Intranasal insulin is effective in raising serum insulin (IRI) levels and lowering blood glucose levels in normal subjects and in diabetics, but its bioavailability is low. Our aim was to improve the bioavailability of intranasally administered insulin in normal subjects as a prerequisite to extended clinical trials. Solutions of regular porcine and human insulin, 40 U/ml, with sodium glycocholate 1% w/v as a surfactant, administered in drops (0.9 U/Kg b.w.), were equally effective in terms of bioavailability and of hypoglycaemic activity. Spray solutions (0.5 U/Kg b.w.) of human insulin, 100 U/ml, were more effective than drops, and of the two surfactants employed, sodium glycocholate 4% w/v was significantly more effective than 9-lauryl-ether and more effective than other formulations used here or described by other authors. Although being subject to further improvement, the formulatin of human insulin 100 U/ml plus sodium glycocholate 4% w/v delivered as a spray solution described in this study appears to be worthy of clinical trials in diabetic patients.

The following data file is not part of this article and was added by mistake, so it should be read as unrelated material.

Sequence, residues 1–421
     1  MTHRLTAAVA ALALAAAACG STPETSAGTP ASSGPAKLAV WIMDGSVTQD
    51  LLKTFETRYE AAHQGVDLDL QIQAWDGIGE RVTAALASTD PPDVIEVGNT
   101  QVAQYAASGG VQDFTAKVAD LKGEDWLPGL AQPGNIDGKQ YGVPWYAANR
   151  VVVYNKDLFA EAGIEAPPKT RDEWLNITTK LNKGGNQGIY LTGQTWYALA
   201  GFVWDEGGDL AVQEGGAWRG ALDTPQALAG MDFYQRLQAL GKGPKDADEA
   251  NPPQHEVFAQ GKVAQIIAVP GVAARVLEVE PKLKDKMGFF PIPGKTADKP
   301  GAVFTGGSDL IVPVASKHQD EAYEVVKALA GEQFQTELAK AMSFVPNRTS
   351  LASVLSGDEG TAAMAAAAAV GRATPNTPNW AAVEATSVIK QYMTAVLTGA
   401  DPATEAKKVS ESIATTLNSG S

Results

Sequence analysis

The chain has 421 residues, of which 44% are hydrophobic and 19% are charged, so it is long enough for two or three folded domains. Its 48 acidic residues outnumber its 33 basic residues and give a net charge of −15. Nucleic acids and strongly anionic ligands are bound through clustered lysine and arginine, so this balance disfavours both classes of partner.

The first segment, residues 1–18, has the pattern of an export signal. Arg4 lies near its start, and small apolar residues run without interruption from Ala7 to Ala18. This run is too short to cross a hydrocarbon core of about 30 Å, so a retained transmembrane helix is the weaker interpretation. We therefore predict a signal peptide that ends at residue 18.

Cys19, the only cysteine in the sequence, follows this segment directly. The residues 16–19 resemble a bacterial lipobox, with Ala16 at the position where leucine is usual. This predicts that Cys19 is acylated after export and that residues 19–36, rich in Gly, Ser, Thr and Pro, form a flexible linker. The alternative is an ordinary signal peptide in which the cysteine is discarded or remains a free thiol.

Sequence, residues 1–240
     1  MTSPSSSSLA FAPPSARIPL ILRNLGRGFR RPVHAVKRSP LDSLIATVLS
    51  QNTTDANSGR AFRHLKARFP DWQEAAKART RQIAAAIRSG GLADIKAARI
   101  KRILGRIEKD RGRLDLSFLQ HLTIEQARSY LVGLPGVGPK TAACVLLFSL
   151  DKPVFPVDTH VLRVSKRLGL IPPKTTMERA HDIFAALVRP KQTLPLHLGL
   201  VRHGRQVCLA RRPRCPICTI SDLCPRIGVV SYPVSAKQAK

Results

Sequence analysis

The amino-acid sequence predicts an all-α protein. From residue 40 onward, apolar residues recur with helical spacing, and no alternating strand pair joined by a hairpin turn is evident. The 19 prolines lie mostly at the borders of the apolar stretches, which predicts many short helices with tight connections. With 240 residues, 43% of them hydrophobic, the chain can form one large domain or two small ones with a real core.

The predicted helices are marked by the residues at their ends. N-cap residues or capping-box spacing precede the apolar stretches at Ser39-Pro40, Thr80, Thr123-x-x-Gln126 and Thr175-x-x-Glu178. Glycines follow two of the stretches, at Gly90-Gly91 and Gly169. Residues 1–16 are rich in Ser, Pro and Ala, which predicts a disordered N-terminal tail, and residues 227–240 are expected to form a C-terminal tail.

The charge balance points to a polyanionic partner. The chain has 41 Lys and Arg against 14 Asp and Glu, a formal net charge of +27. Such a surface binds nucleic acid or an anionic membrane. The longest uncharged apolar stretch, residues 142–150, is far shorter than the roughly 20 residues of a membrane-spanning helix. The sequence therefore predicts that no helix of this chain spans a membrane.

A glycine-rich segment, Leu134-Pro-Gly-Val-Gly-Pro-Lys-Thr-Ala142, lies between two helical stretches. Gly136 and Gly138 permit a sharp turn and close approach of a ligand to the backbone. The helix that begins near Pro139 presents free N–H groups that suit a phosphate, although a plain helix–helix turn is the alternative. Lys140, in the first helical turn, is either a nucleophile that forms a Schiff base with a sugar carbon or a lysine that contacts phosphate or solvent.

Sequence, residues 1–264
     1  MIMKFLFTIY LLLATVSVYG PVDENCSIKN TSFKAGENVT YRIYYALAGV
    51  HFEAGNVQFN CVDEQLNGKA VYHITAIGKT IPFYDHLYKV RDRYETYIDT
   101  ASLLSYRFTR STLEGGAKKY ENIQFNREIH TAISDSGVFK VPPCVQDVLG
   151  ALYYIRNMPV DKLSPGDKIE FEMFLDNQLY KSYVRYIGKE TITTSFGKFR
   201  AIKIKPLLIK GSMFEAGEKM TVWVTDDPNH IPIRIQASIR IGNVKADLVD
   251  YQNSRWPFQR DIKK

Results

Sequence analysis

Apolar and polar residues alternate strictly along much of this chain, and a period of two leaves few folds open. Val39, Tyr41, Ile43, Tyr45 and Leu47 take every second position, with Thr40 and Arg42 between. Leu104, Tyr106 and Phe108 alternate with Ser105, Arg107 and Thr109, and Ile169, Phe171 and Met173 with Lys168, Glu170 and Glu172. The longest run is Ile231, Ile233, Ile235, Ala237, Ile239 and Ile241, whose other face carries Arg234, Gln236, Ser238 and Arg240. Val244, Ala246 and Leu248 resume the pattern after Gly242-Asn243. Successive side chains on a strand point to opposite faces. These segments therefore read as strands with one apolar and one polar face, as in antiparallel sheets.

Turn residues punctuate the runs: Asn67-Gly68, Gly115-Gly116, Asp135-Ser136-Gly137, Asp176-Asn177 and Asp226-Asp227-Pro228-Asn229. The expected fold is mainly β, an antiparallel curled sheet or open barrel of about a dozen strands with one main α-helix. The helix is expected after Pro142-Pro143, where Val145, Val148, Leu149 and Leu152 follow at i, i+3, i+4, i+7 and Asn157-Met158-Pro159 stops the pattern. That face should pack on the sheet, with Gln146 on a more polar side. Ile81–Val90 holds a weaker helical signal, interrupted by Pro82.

|Number of pages||3|
|Journal||Diabete et Metabolisme|
|Publication status||Published - 1987|
ASJC Scopus subject areas
- Endocrinology, Diabetes and Metabolism
- Internal Medicine